Seeking feedback on Game Design Programs

Hello! My son is a rising junior interested in Game Design and Game Programming. We’ve just finished up a four school tour…WPI, RPI, RIT and Champlain. He hoped for clarity and ended up with confusion :joy: He ranked three of the schools equally high (RPI just wasn’t the right vibe for him). There are pros and cons for each of the others, of course. I’d love any thoughts on personal experience with those specific programs - quality, how well enjoyed, level of support, career opportunities…

There will be others to consider before the time comes but these were first tier looks.

My son is a great student, entering an IB degree program, not a boatload of EC. Has taken a practice ACT and SAT but none officially yet. Definitely a math/CS kid, but who is very creative and likes design. He’s a bit socially awkward, not into partying, but does want to make good friends.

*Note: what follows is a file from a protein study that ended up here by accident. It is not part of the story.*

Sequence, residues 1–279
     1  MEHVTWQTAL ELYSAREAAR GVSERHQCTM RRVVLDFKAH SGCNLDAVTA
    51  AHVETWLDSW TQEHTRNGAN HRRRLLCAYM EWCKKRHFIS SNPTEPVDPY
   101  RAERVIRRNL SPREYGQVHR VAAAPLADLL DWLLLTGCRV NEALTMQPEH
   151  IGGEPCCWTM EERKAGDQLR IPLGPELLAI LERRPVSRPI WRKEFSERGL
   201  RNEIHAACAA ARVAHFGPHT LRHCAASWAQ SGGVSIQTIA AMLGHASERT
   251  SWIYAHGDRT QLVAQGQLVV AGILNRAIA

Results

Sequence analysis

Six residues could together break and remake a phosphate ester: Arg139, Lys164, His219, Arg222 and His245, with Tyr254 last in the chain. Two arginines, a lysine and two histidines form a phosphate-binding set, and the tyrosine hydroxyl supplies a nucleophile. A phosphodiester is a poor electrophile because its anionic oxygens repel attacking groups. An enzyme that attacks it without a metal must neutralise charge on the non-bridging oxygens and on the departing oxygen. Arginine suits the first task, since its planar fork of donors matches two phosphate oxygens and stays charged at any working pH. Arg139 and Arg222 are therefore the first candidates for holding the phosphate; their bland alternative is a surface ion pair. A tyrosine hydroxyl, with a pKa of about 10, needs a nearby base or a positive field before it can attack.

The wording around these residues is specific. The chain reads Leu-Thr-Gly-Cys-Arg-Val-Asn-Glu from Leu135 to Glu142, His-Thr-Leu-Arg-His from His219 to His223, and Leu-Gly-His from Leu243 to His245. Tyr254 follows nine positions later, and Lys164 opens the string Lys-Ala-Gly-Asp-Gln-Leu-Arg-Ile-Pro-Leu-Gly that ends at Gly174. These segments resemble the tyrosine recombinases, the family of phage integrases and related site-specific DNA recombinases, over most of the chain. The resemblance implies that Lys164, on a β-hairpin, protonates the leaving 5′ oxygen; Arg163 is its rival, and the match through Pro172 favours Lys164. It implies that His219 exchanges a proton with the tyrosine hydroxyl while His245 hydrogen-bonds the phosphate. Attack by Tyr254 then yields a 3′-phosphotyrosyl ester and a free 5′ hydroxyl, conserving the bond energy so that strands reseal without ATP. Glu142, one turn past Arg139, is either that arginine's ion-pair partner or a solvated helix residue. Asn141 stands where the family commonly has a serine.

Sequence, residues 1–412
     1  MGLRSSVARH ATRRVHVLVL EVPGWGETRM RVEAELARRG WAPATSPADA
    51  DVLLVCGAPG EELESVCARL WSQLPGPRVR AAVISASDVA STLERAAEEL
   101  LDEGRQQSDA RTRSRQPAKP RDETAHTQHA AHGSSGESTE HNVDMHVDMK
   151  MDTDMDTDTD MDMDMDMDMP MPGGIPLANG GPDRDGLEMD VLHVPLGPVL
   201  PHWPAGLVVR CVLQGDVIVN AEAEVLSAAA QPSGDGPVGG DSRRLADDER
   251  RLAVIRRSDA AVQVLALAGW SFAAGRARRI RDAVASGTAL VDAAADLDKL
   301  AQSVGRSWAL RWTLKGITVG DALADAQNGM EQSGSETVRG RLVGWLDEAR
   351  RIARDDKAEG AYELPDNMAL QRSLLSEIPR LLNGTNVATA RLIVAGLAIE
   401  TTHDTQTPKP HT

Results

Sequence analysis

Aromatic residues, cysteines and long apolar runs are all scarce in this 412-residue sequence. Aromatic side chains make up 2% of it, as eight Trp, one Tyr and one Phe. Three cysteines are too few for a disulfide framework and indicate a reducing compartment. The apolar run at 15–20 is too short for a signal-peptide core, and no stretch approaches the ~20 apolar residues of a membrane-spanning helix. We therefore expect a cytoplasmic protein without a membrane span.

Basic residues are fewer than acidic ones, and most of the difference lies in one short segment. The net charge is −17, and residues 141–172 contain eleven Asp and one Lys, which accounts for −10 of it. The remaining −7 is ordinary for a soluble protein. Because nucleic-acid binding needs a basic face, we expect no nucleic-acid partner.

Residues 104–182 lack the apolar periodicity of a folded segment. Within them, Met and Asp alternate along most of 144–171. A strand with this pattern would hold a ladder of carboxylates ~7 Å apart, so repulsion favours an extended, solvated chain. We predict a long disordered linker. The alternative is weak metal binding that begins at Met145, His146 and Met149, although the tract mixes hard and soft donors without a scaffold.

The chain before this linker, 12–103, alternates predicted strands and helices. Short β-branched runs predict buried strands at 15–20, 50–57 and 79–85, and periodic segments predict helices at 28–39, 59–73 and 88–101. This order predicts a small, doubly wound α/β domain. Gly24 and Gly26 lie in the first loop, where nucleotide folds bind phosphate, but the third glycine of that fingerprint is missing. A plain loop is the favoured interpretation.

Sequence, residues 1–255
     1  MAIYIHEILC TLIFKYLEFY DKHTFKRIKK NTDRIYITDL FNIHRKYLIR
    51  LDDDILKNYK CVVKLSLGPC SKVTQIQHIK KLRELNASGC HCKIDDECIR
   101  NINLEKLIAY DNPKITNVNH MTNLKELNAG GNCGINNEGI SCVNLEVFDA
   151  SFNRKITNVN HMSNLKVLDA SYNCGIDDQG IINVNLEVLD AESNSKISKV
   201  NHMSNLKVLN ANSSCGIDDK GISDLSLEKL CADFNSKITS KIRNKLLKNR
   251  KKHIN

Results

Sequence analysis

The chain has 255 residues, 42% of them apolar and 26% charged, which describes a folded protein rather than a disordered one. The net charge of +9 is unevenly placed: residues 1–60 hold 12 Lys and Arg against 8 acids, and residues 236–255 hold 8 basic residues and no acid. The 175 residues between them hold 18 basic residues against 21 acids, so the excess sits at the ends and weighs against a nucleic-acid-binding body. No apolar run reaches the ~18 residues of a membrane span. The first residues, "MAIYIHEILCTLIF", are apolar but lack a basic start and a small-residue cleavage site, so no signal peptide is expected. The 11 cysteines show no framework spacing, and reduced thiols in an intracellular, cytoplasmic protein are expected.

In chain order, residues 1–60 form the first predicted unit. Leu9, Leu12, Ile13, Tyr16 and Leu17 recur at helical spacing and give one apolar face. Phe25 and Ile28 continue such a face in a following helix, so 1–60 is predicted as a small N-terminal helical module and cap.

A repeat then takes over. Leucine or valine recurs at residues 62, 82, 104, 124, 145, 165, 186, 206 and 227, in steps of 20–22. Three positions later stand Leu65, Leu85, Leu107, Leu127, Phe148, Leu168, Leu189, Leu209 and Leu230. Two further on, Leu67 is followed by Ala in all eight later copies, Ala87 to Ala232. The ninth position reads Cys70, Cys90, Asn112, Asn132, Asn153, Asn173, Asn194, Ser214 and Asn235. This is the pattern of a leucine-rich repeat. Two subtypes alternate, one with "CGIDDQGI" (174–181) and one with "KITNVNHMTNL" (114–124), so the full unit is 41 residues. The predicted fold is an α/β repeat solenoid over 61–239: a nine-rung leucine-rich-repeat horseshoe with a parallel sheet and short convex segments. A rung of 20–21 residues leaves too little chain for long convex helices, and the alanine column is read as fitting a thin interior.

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There are some other threads. Game design. May include these and more.

I couldn’t find the recent threads but RIT and Utah of all places come up a lot

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Quick interjection and I hope this comes across as helpful advice, versus criticism. 1400 is a great score, but . . . now that I have 3 in college, I can say I’m not sure it’s enough for merit aid. Of course that depends on where she’ll end up. We’re in NJ, so similar experience as CT. I was “mean” and made my youngest take a number of practice SAT tests throughout the summer (Kahn Academy online - free). He definitely improved his score and did earn a significant merit scholarship. I wish I would have offered him the alternative of focusing on the ACT, which is my suggestion for your daughter. Very different tests; I’d pick one, have her study and then retake. Maybe I’m wrong, but from my experience, the colleges seem to base the merit $ on their scores. For point of reference, mine are at Oberlin, Dickinson and Lafayette. Best of luck to her.

I don’t think the OP has given stats. You are seeing the stats from the “chain” I posted - previous discussions.

Merit depends on the school - and then the stats of the student. But there’s tons of merit out there - if you look for it.